Attack in Berlin Germany Orders Manhunt for Tunisian Suspect
Germany has issued a manhunt order for a Tunisian man whose identity papers were found in the cab of the truck used in Monday's terrorist attack in Berlin. Deportation proceedings had been stalled because he lacked the necessary papers.
Germany's Federal Prosecutor's Office issued a formal, Europe-wide manhunt order on Wednesday afternoon for a Tunisian man who is currently the main suspect in the terrorist attack on a Berlin Christmas market on Monday night. The man has been identified as 24-year-old Anis Amri and prosecutor's cited "strong suspicions" in the order.
The move came after investigators found an identity document in the cab of the semi-truck used in Monday's deadly attack. DER SPIEGEL and SPIEGEL TV reported earlier in the day that police had discovered an immigration document permitting the man, who was born in Tataouine and whose request for asylum had been rejected, to temporarily remain in Germany.
It is unclear when Amri arrived in Germany. Several entries have been found in government databases. What is known is that the suspect had been on the German authorities' radar for some time now. An entry relating to an undercover investigation of the man on Feb. 5 states, "Suspected ties with IS" and "intensive monitoring of the subject." Earlier this year, the authorities classified the man as a "potential threat," a category used by police to describe people the authorities believe could attack at any time. The German Interior Ministry has stated that 549 people across the country are currently classified as potential threats. They are the subject of frequent monitoring.
If the the person can be found, that is.
The problem with Amri is that his registered residence is an asylum-seekers' hostel in the city of Emmerich in North Rhine-Westphalia. But the 23-year-old apparently was not only "highly mobile" in moving around a lot, but also used a number of aliases. In Berlin, he is known to authorities as Ahmad Z. or as Mohamed H. of Egypt. On another occasion, he claimed to be from Lebanon.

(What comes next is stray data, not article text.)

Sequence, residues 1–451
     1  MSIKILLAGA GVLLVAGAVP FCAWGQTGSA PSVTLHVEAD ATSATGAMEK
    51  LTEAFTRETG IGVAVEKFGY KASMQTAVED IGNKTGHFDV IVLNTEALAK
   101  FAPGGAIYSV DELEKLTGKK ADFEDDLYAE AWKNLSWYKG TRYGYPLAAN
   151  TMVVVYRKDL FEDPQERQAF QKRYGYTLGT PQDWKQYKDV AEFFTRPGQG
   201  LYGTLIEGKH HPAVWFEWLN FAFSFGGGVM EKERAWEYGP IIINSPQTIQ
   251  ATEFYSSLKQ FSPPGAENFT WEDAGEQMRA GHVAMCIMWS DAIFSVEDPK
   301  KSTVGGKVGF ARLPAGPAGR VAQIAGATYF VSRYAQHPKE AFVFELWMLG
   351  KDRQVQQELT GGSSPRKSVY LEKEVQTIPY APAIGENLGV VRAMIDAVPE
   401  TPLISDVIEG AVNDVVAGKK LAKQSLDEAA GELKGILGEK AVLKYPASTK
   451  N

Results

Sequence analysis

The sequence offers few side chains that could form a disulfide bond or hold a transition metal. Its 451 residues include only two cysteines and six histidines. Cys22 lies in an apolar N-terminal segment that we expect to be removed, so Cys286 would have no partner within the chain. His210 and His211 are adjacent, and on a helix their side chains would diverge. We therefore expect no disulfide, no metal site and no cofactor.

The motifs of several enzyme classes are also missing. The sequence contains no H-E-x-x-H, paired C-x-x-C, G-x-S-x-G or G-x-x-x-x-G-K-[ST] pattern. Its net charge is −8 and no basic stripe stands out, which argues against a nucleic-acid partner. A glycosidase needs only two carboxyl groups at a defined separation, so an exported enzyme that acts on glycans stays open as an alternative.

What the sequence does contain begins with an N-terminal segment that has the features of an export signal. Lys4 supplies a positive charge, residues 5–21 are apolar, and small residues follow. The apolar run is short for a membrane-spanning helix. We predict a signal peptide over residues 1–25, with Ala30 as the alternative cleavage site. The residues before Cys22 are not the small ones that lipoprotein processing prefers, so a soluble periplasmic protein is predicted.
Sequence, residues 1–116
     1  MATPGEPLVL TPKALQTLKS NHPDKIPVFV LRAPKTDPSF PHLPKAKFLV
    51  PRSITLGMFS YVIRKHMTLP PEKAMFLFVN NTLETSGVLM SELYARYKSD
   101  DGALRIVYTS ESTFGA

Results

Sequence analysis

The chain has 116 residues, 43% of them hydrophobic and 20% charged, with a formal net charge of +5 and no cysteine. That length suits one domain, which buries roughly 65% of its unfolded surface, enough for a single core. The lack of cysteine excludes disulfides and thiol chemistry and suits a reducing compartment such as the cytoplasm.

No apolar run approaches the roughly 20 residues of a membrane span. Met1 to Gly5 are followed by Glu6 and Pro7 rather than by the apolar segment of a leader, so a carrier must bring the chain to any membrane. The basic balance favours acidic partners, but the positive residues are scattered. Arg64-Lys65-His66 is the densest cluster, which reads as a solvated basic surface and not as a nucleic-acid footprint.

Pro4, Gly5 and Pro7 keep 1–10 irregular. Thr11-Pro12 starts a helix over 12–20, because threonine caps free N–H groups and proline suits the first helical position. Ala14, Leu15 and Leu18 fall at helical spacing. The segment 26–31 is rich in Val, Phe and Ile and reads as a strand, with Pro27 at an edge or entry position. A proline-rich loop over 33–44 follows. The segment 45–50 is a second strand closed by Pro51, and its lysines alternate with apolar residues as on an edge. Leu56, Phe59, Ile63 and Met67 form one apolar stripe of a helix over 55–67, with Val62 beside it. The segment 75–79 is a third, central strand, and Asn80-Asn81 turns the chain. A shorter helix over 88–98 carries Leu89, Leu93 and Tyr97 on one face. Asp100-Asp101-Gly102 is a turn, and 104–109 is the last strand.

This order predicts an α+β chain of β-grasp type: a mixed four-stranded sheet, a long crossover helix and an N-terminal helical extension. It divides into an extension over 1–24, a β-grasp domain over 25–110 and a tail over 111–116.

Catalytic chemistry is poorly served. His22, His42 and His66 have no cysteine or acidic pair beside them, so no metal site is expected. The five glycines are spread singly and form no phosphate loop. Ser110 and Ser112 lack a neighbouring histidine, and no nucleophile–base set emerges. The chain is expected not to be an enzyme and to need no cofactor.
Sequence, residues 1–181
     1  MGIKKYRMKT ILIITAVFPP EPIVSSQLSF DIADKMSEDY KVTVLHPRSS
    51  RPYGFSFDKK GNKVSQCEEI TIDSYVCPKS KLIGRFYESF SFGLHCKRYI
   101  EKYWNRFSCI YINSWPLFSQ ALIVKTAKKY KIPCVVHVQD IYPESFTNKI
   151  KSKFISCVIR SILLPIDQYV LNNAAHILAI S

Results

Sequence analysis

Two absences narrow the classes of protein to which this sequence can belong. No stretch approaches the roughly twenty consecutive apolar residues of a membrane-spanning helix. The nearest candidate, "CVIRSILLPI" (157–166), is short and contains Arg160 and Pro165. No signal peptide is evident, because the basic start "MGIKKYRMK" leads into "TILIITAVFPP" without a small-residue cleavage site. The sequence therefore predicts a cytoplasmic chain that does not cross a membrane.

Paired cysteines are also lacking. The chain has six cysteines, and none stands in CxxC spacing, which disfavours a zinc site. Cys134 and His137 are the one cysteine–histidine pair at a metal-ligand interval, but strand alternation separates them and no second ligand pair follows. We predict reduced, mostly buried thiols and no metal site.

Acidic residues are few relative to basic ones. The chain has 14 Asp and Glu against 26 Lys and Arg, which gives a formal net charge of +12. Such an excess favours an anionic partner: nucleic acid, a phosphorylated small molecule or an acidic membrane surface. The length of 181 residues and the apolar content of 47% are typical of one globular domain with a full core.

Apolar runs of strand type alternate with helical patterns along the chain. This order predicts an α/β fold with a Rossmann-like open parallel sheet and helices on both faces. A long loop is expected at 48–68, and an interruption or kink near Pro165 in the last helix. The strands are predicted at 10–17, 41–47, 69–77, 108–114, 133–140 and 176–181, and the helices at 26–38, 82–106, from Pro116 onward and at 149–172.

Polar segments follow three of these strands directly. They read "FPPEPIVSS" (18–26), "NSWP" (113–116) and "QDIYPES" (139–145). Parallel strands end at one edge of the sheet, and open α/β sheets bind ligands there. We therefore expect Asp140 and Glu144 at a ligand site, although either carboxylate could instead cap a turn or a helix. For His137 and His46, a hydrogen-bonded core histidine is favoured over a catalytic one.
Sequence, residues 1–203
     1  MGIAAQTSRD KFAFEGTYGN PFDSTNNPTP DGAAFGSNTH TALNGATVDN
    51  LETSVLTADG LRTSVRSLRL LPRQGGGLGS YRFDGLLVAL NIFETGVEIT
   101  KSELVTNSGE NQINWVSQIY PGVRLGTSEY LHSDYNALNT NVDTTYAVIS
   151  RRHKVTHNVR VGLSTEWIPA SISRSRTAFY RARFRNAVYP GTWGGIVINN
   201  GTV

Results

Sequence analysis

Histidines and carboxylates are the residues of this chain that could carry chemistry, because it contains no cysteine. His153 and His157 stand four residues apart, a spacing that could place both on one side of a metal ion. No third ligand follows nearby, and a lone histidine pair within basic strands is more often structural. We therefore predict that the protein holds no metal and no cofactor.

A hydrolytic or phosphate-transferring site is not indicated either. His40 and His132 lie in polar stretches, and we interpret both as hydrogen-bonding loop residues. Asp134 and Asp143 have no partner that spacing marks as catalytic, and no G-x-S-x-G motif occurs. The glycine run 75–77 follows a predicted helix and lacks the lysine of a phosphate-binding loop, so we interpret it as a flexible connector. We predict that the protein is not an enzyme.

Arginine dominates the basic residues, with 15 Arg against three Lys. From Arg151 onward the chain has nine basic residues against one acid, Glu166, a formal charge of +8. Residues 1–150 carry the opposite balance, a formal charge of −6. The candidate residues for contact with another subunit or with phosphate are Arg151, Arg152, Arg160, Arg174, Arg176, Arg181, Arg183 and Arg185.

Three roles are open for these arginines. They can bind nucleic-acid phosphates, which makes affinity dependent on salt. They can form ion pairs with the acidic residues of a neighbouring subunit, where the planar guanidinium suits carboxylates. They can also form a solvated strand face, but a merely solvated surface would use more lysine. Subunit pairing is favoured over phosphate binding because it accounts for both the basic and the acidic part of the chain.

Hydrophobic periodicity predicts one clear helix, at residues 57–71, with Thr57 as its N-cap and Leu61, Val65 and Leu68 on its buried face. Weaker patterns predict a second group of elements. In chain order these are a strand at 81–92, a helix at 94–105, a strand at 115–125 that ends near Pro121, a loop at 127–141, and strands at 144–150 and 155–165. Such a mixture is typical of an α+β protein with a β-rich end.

On July 30, police intercepted Amri during a check on a long-distance bus traveling in the city of Friedrichshafen. The police determined during the check that the Tunisian was subject to deportation. Following a ruling by the district court in Ravensburg, the man was moved to the local detention center pending his deportation. Two days later, however, the man was released and the deportation did not get carried out.
Officials were unable to complete the deportation because the Tunisian didn't have a passport and required passport replacement documents from the authorities in Tunisia before he could be repatriated, Interior Minister Jäger said Wednesday afternoon. Initially, Tunisian authorities disputed Amri's citizenship, and later there were delays in the delivery of the necessary documents.
"Tunisian authorities provided these today," the SPD politician stated, adding, "I do not want to comment any further on this circumstance."
Jäger also stated Wednesday that Amri's name had been placed on list of potential attackers compiled by the German government's counter-terrorism center. The Federal Prosecutor's Office is now investigating possible charges relating to the preparation of a serious act of violent subversion. Jäger said the investigation is being led by the Public Prosecutor's Office in Berlin.
According to reporting by the Süddeutsche Zeitung newspaper and public broadcasters WDR and NDR, the police had wiretapped the suspect's telephone calls. It is unclear at the moment how security officials lost the suspect's trail.
On Wednesday afternoon, the Federal Prosecutor's Office issued a statement that it had officially commenced a manhunt for Amri. A reward of up to 100,000 euros is being offered for information leading to his arrest. But prosecutors have urged caution, noting that Amri may be "armed and violent." They are asking anyone with tips that could lead to his capture to inform officers at their nearest police station.
Wanted man: a handout on Anis Amri supplied by Germany's Federal Office of Criminal Investigation
Police in Berlin have stated that they have received more than 500 tips since the attack and they have been pursuing a suspect who may be armed. A man who had been detained early in the investigation was released on Tuesday due to a lack of incriminating evidence.
Many questions still remain about Monday night's attack, which left 12 dead and 48 injured. Investigators believe that the Polish man who had been driving the truck prior to the attack was still alive when it happened. He only succumbed to a gunshot wound after emergency workers from the fire department arrived at the scene.
With additional reporting by Christoph Sydow